Why am I not surprised by your answer?! 

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1 hour ago, Shtanley said:

I don't want VAR yet. 

Safe standing, subsidised travel and a ticket price cap my important three.

My views on VAR are well documented in numerous threads so I'd agree with this. Mind you I want FFP sorted too. 

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Both. Thanks.

VAR makes decisions on the pitch correct.

FFP makes decisions off the pitch correct.

So yeah... both.

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1.  No VAR other than goalline technology

2. Allow players to celebrate goals however they want within reason. Can take shirts off, can jump into the crowd.

3. Any clear dives to be punished retrospectively by a 3 game ban for gross misconduct

4. Away fans ticket prices to be no more expensive than the cheapest adult home ticket

5. Home ticket price deductions to be triggered depending on how many matches you see. I.E

Games 1-6 £35 each

Games 7-12 £30 each

Games 13-18 £23 each

Games 19-23 £15 each

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Goal line technology. Assuming you trust the tech it’s a yes or no answer. Works fine. 

VAR - offside in particular can depend on the split second of a camera frame. Get rid of it. 

If you’re gonna use any tv evidence it cannot be subjective unless the either referee (not a guy in a studio) thinks he had a bad angle or may have made a poor decision and is asked by manager to review (1 per game / half per team) but not offside. Trust and train your officials, get them working with clubs. 

Mic up refs. Embarrass players into stopping!

yellow Card suspensions at 5,10,15 irrespective of gameweek. 

FFP abolished and any clubs requiring PFA to step in to pay wages to be deducted 12 points. Delayed wage payments to players or staff 1 point deduction up to a week. 4pts for a month, etc. 

Clubs failing to pay other clubs same as above. 

If owners want to invest, let them. 

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I think VAR to be scaled back to red cards and only CLEAR and OBVIOUS errors for penalties (ie a player has had their leg taken rather than deemed no contact by the ref, mics would allow communication) rather than anything would be the only scenario I'd consider VAR sticking around.

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Although var might get the right decisions, I think it is largely for the benefit of the TV audience.                        For us attending matches it will be very frustrating especially as we won't see it replayed on the big screen.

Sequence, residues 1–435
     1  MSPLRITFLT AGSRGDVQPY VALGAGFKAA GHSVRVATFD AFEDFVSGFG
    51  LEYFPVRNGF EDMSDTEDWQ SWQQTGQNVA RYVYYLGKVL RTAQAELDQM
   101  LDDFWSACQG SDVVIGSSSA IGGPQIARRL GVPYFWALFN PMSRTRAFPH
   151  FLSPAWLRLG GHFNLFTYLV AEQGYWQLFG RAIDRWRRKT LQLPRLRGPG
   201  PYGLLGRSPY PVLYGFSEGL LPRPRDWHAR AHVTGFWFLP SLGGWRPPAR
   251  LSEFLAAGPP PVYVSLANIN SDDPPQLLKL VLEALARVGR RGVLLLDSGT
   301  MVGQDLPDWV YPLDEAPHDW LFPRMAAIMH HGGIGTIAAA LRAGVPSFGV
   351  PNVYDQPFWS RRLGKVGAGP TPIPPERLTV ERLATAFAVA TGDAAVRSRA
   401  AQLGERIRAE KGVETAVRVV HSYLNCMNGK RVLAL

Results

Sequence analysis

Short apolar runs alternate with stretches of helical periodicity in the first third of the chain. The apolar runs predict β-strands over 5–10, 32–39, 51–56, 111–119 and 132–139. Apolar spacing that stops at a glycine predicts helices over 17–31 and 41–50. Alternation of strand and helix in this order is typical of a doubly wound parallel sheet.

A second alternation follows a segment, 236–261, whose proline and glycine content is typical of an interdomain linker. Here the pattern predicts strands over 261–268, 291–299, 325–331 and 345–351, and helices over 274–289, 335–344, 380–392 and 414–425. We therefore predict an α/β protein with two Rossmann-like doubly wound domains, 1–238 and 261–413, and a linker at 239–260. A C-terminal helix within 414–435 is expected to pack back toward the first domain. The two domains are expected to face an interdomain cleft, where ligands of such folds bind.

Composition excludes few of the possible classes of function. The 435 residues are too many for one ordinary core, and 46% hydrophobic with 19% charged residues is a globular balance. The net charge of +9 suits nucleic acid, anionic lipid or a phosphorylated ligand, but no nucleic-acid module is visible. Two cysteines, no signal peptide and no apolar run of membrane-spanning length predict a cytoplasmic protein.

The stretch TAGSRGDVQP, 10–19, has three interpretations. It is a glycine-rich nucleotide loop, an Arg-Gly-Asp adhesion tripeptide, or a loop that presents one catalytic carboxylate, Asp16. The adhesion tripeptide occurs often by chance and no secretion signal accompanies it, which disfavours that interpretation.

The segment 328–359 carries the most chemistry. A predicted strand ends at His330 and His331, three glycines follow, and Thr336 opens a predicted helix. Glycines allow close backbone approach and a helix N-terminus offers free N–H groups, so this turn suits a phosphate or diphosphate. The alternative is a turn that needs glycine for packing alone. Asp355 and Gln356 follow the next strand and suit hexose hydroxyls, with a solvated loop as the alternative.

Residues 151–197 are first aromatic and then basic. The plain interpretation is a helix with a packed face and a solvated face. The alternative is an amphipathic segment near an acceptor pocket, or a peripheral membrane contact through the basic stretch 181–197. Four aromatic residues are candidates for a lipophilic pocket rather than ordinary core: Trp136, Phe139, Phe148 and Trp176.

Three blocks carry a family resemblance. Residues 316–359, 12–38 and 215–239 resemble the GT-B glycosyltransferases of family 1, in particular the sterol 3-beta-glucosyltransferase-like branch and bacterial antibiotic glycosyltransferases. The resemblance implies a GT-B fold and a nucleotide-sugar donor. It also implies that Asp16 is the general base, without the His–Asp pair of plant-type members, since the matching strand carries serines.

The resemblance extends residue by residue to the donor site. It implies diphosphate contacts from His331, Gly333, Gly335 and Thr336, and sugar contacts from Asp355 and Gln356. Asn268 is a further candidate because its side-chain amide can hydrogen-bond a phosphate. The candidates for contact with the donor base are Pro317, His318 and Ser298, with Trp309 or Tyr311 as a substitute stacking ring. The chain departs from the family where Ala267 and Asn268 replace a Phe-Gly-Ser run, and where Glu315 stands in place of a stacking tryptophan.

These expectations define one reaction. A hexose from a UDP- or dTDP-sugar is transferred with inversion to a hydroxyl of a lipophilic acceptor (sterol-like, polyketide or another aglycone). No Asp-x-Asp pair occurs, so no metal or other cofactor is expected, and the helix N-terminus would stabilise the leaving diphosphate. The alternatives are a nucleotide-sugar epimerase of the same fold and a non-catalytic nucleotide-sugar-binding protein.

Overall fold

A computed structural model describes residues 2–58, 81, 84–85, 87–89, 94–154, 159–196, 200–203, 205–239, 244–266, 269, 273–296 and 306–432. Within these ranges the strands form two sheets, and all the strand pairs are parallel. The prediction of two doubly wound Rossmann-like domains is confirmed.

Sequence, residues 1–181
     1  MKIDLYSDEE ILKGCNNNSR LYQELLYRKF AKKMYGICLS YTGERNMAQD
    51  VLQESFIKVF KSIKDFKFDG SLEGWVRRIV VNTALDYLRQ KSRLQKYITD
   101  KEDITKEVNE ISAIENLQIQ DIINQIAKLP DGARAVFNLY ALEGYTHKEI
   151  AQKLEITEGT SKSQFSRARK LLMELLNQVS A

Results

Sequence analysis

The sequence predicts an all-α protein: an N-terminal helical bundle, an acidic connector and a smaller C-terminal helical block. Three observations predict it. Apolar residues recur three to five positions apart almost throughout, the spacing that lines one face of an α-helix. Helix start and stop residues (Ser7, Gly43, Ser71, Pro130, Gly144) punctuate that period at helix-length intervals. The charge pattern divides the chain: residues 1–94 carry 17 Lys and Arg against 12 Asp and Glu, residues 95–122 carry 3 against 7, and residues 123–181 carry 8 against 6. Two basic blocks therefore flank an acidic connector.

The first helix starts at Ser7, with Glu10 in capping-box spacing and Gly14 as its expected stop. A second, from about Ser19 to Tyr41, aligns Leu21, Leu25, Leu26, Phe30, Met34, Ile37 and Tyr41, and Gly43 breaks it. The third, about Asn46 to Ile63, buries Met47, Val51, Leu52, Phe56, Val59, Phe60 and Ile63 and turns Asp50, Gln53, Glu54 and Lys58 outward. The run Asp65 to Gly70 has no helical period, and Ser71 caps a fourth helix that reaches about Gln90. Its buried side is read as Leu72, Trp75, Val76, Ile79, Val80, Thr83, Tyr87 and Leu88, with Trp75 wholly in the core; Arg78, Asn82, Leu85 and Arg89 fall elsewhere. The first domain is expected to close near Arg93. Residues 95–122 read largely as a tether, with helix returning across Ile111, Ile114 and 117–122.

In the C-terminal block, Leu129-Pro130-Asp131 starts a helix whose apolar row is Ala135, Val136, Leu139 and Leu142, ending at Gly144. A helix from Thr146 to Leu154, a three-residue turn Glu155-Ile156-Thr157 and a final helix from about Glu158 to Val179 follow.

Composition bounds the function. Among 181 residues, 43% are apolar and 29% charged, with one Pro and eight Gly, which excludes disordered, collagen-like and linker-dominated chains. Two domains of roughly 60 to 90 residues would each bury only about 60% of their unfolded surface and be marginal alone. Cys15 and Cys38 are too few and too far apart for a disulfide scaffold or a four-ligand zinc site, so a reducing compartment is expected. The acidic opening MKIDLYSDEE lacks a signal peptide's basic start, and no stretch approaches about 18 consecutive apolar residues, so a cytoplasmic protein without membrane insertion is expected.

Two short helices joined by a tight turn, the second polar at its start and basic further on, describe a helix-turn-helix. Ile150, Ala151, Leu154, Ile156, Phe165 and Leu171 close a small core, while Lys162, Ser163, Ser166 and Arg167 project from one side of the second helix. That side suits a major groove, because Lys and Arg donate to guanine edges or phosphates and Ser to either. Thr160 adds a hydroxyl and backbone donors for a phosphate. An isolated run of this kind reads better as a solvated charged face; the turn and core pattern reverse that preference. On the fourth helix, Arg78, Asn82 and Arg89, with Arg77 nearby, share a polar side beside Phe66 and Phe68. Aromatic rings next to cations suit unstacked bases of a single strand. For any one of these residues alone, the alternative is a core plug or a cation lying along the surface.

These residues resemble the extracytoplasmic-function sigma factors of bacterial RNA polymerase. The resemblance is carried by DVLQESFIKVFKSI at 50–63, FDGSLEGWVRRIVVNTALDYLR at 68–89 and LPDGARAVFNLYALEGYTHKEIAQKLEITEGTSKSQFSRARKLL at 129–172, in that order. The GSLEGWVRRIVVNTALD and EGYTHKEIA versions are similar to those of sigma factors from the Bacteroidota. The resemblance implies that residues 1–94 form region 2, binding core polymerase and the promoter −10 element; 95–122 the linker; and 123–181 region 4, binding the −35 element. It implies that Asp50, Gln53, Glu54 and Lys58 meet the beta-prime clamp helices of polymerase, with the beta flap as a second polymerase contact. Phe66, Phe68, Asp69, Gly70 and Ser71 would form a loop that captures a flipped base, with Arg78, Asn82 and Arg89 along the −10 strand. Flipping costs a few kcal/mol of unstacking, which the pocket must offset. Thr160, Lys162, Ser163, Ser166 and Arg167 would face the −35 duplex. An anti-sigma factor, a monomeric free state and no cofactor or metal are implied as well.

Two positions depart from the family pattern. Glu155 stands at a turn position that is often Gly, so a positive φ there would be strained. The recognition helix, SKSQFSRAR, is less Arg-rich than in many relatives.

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1 minute ago, hodge said:

I think VAR to be scaled back to red cards and only CLEAR and OBVIOUS errors for penalties (ie a player has had their leg taken rather than deemed no contact by the ref, mics would allow communication) rather than anything would be the only scenario I'd consider VAR sticking around.

This is the key for me, during the WWC we have seen referees taking 2 or 3 minutes to decide if something was an infringement, and this is over and above the time the VAR studio people have taken to decide whether it needs reviewing. How can it be CLEAR and OBVIOUS it takes so long? Likewise, someone's left toe being in advance of a defender for an offside decision, there were two things in the past that would have done away with those sort of decisions, the wording of the offside rule used to be "a player is seeking to gain advantage" by being in an offside position, there is little advantage gained in those circumstances. There was a period where "clear daylight" had to be seen between the two players, it would still be open to interpretation, but at least they would be clearly gaining an advantage.

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13 minutes ago, the red rules said:

Although var might get the right decisions, I think it is largely for the benefit of the TV audience.                        For us attending matches it will be very frustrating especially as we won't see it replayed on the big screen.

 

 

You know the cynic in me (I know it’s hard to imagine) believes that VAR is also championed by, for it will be to the benefit of, betting companies. They will have a whole new series of bets with which to entice punters whilst ensuring that they only pay out when the outcome is unequivocal.

Gambling has become an epidemic in sport and particularly in football. Long gone are the days when the Pools and ‘Spot the Ball’ constituted football related gambling. I can’t see that gambling companies have ever served to benefit the sport (apart from some shirt, cup or ground sponsorship). 

VAR will help them but not us supporters. 

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There’s a good example from today’s England v Australia WC s/f. 

Bairstow given out LBW. Looked plumb but he (stupidly imo) used the team’s one and only review which proved he was out.